Medical or clinical negligence typically occurs in the following situations:
- A delay in diagnosis, which results in your chances of recovery being affected adversely
- Badly performed surgery or procedure
- Inappropriate or incorrect treatment, surgery or procedure
- The failure of a medical device or an adverse reaction to an administered drug
- Delays during childbirth which lead to the child or the mother being injured
As such, our team often deal with the following types of claims:
- Dental claims
- Pregnancy claims
- Childbirth claims
- Surgical error claims
- Misdiagnosis claims
- Ophthalmic claims
- Cosmetic surgery claims
- Cancer care claims
What is the difference between clinical negligence and personal injury?
The differences between clinical negligence and personal injury can be understood in the following ways:
When a person has been injured in a road traffic accident, it can be fairly easy to ascertain who is at fault and what injuries they have sustained as part of the accident. However, with clinical negligence, claimants need to verify two things, which are:
- Avoidable Harm – that the errors made eventually caused or materially contributed to the injury itself, which means the solicitor appointed, will have to show that the treatment itself, not the illness caused more harm than good, and…
- Liability – demonstrate that there were serious errors in your medical treatment made by your doctor or medical professional, which a competent doctor or medical professional would not have made.
Once the fault is placed upon the doctor or medical professional beyond a reasonable doubt, then a compensation claim can be brought.
How to start a medical negligence claim
If you believe that your doctor or medical professional has failed to provide you with a level of care that you would expect, then contact us as soon as possible. There are strict 3 year time limits on when you can claim compensation, so it is vitally important to act as soon as you can to increase your chance of making a successful claim.
The time limit for children under 18 differs as the time limit starts on their 18th birthday if they have been injured whilst classed as a minor (under the age of 18).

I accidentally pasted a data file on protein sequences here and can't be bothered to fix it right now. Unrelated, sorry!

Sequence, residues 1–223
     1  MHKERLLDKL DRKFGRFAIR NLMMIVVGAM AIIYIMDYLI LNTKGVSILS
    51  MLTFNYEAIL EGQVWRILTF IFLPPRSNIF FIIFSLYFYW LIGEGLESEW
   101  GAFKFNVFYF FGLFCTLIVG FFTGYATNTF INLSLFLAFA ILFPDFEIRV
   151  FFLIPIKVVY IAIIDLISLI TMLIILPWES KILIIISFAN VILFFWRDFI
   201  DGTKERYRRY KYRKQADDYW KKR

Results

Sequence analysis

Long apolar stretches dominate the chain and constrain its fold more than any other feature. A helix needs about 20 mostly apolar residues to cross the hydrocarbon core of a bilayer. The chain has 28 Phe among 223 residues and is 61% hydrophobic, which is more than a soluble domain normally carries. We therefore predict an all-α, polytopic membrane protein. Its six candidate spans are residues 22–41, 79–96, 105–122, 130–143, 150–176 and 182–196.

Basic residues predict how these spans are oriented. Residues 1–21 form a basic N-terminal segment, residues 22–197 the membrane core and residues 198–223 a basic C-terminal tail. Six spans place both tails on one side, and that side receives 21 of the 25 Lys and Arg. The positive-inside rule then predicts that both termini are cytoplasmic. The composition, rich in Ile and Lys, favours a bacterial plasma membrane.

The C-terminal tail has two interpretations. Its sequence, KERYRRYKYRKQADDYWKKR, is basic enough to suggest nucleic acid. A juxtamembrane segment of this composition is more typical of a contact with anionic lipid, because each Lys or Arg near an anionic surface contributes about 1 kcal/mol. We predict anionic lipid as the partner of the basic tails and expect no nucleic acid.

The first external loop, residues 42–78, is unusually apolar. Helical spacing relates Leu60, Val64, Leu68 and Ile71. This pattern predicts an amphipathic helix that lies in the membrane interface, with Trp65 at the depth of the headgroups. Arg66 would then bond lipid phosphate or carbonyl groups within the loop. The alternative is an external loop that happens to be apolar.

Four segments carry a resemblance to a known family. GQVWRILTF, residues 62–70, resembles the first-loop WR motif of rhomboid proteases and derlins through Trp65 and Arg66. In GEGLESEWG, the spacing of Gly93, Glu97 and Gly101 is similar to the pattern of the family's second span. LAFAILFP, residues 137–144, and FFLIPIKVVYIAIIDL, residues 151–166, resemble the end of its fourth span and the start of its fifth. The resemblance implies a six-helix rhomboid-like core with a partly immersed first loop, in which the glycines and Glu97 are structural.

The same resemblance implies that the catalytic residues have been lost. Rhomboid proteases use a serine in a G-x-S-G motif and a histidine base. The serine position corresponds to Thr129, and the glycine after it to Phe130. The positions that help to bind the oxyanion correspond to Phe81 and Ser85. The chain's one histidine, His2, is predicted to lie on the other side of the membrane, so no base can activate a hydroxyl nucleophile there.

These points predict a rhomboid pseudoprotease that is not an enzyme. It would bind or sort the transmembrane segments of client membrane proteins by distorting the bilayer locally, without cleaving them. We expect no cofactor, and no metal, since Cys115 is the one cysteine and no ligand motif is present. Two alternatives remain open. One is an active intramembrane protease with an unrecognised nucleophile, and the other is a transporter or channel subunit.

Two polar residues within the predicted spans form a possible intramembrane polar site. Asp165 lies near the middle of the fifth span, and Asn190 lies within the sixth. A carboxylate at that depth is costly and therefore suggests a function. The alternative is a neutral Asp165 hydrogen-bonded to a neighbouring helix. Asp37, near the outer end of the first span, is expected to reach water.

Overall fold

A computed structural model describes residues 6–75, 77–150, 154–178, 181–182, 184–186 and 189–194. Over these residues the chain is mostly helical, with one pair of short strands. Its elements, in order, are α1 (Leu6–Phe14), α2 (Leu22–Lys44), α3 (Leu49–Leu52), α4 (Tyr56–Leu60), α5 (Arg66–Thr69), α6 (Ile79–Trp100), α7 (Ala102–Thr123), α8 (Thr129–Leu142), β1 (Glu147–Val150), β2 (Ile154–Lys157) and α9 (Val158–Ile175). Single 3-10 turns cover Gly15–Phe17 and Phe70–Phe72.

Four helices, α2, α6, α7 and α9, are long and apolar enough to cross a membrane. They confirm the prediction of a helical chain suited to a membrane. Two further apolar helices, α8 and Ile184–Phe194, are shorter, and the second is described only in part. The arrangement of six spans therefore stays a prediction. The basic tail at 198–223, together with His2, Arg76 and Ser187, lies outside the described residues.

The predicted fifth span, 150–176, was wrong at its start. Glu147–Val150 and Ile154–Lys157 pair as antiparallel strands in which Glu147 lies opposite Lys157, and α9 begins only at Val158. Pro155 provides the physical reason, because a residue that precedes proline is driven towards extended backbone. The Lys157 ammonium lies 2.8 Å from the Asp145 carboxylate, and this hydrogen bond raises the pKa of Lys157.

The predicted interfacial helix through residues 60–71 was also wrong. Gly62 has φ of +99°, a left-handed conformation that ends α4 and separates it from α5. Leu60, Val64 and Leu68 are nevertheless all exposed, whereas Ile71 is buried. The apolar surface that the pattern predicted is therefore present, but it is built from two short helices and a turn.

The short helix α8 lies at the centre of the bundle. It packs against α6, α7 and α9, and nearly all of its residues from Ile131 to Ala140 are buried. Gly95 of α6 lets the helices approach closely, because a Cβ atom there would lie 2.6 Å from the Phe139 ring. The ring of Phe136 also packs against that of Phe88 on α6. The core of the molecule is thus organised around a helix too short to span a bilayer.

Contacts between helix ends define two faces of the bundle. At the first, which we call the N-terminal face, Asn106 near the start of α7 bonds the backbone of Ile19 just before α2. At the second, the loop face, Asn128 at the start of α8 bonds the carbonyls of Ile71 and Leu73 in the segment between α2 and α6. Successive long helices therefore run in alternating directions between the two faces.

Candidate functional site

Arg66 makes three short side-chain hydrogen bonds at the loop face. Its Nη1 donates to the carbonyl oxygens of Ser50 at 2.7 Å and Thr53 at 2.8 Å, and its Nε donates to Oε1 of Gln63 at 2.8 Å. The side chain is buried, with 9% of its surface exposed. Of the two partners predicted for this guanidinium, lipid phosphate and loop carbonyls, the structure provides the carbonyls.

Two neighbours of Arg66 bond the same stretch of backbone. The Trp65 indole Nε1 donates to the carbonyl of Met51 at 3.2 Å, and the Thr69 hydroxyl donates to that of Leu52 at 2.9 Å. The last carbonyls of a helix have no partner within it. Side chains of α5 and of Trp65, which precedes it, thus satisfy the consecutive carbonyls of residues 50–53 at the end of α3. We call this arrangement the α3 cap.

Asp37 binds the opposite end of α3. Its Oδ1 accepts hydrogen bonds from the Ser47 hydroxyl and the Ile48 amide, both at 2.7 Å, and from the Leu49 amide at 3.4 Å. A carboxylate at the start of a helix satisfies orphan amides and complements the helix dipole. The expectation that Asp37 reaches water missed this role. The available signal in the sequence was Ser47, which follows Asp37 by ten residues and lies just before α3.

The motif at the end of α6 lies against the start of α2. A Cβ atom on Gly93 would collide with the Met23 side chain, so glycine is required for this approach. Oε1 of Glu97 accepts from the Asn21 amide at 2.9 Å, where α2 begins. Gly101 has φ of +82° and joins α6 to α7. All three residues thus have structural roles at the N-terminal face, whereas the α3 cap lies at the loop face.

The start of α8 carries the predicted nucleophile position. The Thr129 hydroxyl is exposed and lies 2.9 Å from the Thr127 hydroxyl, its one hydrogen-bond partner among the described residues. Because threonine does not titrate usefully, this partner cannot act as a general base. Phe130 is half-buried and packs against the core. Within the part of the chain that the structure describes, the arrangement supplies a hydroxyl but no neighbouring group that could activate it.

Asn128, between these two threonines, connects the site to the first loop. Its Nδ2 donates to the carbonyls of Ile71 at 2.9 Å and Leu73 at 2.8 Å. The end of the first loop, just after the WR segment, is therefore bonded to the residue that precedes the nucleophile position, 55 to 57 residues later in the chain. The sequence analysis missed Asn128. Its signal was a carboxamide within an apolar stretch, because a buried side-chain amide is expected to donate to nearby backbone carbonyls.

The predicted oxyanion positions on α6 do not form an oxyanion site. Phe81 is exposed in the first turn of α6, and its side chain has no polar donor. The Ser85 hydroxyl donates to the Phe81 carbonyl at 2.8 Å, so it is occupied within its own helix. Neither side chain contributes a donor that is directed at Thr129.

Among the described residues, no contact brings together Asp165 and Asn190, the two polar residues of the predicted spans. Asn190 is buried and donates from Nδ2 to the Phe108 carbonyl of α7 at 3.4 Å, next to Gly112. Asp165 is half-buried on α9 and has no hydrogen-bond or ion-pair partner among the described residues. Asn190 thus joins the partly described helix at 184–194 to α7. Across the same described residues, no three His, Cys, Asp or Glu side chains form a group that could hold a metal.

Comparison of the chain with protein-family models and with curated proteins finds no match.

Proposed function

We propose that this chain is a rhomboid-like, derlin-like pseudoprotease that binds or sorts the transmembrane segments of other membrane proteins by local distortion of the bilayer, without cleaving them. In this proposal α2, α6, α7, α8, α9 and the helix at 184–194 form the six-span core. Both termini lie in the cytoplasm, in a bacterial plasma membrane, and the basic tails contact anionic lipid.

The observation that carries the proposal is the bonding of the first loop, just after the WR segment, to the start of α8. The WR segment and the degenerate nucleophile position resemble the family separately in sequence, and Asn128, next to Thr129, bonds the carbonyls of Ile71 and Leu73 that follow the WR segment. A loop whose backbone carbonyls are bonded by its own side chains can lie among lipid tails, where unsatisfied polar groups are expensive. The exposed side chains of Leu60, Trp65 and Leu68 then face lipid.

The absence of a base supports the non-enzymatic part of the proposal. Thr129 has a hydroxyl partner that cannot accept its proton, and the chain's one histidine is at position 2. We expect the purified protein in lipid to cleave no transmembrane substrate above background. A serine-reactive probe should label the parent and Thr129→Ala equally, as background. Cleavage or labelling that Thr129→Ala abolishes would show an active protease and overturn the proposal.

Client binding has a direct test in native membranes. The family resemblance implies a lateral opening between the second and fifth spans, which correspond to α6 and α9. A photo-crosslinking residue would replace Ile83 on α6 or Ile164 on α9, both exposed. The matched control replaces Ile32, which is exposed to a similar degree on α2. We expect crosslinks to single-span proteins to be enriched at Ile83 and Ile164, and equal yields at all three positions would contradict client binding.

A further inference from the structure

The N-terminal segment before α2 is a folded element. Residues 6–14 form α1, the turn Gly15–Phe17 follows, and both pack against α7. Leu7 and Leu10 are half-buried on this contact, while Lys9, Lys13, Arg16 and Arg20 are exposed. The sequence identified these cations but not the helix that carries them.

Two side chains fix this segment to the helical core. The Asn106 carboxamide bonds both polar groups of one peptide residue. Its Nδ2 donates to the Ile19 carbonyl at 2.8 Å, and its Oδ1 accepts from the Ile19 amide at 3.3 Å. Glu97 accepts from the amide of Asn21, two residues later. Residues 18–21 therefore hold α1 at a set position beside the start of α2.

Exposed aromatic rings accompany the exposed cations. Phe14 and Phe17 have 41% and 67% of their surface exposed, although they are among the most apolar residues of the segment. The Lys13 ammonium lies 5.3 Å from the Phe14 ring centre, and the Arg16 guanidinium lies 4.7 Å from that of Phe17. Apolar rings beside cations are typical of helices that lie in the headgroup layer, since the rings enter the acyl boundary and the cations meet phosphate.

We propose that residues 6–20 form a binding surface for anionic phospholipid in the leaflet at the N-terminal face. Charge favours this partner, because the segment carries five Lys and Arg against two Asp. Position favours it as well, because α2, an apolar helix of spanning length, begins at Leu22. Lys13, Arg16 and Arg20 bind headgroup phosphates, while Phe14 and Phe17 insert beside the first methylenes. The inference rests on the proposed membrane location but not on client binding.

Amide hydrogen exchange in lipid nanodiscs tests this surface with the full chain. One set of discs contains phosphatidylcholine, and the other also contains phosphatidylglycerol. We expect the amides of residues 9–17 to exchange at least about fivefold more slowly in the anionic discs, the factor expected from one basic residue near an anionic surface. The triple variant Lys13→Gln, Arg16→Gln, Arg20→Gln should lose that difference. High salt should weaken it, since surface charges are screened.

This is slightly different also if the injured person is mentally incapable of handling their own affairs, the 3 years’ time limit applies as soon as the person becomes capable of handling their own affairs.
You may also be eligible for legal aid or after assessing your case, we may be able to offer a no-win, no-fee arrangement. Whatever your situation, we will advise you about the right funding option for you and explain all of the likely costs and timescales up front, so get in touch.
You can talk to us in complete confidence. Our friendly, experienced and sympathetic medical negligence solicitors are here to answer all the questions you may have about the claims process. We avoid legal and medical jargon and instead talk in plain English.
Case study: Settlement for negligent surgery
Nine days after surgery in hospital, our client had acute abdominal pain. Problems with the recovery continued and a CT scan identified a swab left in the abdomen following the operation.
Our client had to have further surgery under general anaesthetic to remove the retained swab. Due to the hospital’s negligence, our client required a second procedure, thus enduring additional pain and suffering. They were also left with further scarring.
As a result of our involvement the hospital speedily admitted that it had been negligent in failing to removing the swab after the first operation and our client received a five figure sum by way of compensation.
Get in touch
If you believe you or someone you know has suffered pain, distress or discomfort due to the negligence of a healthcare provider, and you would like to explore how to make a complaint, fill out our contact form or give us a call today.